Modi has invited Biden to be the keynote speaker at the upcoming Republic Day celebrations.
India welcomes foreign leaders to its Republic Day celebrations every year. During their bilateral discussion on the sidelines of the G20 summit, Prime Minister Narendra Modi invited US President Joe Biden to be the Chief Guest for the Republic Day celebrations on January 26, US Ambassador to India Eric Garcetti said on Wednesday.
When asked if the Quad Summit was being planned in India at the same time, Garcetti said he was unaware of it. The Quad consists of India, the United States, Japan, and Australia. Next year, India will host the annual Quad summit. At an event, the US ambassador was asked about rumours that India is considering inviting Quad leaders to the Republic Day celebrations.
According to Garcetti, Prime Minister Modi invited US President Biden to the Republic Day celebrations during a bilateral meeting on the sidelines of the G20 summit. The principal guest during this year’s Republic Day events was Egyptian President Abdel Fattah El-Sisi. India welcomes foreign leaders to its Republic Day celebrations every year. Due to the COVID-19 epidemic, there was no Republic Day Chief Guest in 2021 or 2022. In 2020, the principal guest was then-Brazilian President Jair Bolsonaro.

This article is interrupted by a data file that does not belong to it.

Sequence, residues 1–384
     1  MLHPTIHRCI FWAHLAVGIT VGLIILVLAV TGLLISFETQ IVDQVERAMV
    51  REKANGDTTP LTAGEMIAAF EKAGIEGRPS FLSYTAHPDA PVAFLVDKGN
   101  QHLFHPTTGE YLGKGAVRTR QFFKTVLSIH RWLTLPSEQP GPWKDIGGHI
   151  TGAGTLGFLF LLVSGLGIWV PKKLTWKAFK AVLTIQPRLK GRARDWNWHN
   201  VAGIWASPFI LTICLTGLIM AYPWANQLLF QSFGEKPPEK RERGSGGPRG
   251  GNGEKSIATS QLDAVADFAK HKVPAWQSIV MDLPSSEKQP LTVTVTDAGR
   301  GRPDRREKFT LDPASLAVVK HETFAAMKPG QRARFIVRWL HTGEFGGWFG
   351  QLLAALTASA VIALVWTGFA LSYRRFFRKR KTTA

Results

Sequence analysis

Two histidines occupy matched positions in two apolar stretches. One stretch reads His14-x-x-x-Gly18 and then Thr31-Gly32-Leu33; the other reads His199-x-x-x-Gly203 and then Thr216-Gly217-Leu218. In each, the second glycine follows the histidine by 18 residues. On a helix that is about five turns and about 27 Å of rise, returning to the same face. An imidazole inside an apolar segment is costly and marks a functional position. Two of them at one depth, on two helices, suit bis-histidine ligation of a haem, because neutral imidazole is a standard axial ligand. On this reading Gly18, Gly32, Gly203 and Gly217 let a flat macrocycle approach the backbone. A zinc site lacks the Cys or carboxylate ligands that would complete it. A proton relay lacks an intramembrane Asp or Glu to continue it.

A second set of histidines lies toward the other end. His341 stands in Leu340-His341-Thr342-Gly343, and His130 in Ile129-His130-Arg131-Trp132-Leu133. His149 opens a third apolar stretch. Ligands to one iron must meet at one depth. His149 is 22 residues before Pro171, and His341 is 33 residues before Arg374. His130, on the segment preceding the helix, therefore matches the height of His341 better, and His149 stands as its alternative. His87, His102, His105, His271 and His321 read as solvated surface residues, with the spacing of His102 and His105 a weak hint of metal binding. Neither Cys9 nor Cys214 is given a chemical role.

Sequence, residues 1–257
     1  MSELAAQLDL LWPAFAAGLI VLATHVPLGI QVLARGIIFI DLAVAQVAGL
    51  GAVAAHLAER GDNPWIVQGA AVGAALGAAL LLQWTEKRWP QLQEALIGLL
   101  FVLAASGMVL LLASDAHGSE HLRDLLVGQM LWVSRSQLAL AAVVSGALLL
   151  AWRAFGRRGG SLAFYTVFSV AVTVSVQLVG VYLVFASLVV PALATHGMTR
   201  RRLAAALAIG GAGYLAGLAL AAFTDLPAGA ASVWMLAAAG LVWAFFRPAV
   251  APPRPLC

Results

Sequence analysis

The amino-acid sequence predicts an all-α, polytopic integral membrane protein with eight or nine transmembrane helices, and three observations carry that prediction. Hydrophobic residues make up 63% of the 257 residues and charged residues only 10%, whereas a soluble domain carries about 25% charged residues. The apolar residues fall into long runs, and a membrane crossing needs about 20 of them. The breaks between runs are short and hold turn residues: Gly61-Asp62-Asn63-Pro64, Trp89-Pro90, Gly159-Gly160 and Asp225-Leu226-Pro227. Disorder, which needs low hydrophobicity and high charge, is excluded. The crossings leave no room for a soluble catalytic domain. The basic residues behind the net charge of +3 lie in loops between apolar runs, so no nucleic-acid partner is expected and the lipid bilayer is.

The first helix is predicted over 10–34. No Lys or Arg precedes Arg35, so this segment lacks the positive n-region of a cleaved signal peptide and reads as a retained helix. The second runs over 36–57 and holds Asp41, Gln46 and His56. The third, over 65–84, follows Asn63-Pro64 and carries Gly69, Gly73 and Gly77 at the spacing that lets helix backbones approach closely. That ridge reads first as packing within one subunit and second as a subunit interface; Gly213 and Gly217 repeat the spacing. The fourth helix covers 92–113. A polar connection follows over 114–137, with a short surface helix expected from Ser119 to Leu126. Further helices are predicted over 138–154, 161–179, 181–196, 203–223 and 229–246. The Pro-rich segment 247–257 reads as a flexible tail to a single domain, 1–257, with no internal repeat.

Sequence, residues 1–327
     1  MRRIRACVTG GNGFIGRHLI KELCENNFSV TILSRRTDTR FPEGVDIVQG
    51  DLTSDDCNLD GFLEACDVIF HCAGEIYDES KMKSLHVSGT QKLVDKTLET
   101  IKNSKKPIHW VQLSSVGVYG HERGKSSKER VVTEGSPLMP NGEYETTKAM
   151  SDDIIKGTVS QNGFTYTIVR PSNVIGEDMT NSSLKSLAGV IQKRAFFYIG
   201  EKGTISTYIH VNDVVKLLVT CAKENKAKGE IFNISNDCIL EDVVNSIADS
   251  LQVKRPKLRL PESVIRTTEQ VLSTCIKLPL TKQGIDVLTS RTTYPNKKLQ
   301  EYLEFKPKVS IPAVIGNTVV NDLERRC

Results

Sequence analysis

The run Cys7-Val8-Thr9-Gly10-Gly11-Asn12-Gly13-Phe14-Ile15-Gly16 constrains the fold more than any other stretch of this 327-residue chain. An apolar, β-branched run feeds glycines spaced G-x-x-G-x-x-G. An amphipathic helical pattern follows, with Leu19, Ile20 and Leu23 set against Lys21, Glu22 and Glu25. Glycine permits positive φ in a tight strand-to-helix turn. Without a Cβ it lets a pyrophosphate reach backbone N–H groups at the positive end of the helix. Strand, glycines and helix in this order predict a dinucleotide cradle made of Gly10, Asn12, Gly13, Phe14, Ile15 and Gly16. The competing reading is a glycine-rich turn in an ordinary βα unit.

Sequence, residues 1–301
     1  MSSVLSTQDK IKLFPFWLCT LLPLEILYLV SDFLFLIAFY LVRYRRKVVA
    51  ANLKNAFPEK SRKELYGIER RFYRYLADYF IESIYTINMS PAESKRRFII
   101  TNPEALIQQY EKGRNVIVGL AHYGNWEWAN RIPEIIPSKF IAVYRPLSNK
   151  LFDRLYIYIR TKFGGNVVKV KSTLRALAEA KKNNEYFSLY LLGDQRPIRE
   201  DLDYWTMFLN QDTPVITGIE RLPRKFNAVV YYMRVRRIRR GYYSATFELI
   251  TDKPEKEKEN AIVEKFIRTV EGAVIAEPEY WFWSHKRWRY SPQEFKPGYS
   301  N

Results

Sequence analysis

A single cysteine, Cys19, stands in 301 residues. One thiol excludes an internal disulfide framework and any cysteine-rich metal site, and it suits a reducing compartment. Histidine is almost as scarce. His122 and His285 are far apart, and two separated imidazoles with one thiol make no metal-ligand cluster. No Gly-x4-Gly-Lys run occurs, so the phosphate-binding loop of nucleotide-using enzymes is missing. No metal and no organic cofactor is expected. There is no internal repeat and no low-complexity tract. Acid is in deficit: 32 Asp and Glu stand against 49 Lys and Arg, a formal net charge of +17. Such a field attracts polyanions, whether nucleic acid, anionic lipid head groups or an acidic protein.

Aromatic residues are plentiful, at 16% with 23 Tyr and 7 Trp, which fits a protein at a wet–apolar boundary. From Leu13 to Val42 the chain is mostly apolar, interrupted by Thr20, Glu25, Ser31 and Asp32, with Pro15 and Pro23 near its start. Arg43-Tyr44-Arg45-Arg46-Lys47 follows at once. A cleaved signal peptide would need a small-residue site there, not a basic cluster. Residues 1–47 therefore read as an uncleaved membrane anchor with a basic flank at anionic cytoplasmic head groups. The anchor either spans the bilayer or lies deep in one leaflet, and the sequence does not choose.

South African President Cyril Ramaphosa was the parade’s chief guest in 2019, while leaders from all ten ASEAN countries attended in 2018. The Crown Prince of Abu Dhabi, Sheikh Mohamed bin Zayed Al Nahyan, was the primary guest at the celebrations in 2017, while then-French President Francois Hollande attended in 2016. Former US President Barack Obama attended the parade in 2015.
The parade’s primary guest in 2014 was then-Japanese Prime Minister Shinzo Abe, while Bhutan King Jigme Khesar Namgyel Wangchuck attended in 2013. Nicolas Sarkozy, Vladimir Putin, Nelson Mandela, John Major, Mohammed Khatami, and Jacques Chirac are among the other heads of state and government who have attended the Republic Day ceremonies. The ceremonies were attended by then-British Prime Minister John Major in 1993, Nelson Mandela as then-South African President in 1995, and South Korean President Lee Myung Bak in 2010.